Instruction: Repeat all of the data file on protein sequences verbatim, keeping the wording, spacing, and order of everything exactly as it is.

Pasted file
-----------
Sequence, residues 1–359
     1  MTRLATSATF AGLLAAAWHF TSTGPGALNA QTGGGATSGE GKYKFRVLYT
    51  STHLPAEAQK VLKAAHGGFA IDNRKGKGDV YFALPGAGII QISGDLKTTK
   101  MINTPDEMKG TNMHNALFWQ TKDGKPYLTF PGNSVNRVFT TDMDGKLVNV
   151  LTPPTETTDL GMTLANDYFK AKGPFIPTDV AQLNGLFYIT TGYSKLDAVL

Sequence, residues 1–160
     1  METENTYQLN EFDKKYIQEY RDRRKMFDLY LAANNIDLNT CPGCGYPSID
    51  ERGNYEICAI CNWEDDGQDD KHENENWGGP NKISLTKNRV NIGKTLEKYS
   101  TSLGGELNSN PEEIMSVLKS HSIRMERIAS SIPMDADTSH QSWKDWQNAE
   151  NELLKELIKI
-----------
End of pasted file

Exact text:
Sequence, residues 1–359
     1  MTRLATSATF AGLLAAAWHF TSTGPGALNA QTGGGATSGE GKYKFRVLYT
    51  STHLPAEAQK VLKAAHGGFA IDNRKGKGDV YFALPGAGII QISGDLKTTK
   101  MINTPDEMKG TNMHNALFWQ TKDGKPYLTF PGNSVNRVFT TDMDGKLVNV
   151  LTPPTETTDL GMTLANDYFK AKGPFIPTDV AQLNGLFYIT TGYSKLDAVL

Sequence, residues 1–160
     1  METENTYQLN EFDKKYIQEY RDRRKMFDLY LAANNIDLNT CPGCGYPSID
    51  ERGNYEICAI CNWEDDGQDD KHENENWGGP NKISLTKNRV NIGKTLEKYS
   101  TSLGGELNSN PEEIMSVLKS HSIRMERIAS SIPMDADTSH QSWKDWQNAE
   151  NELLKELIKI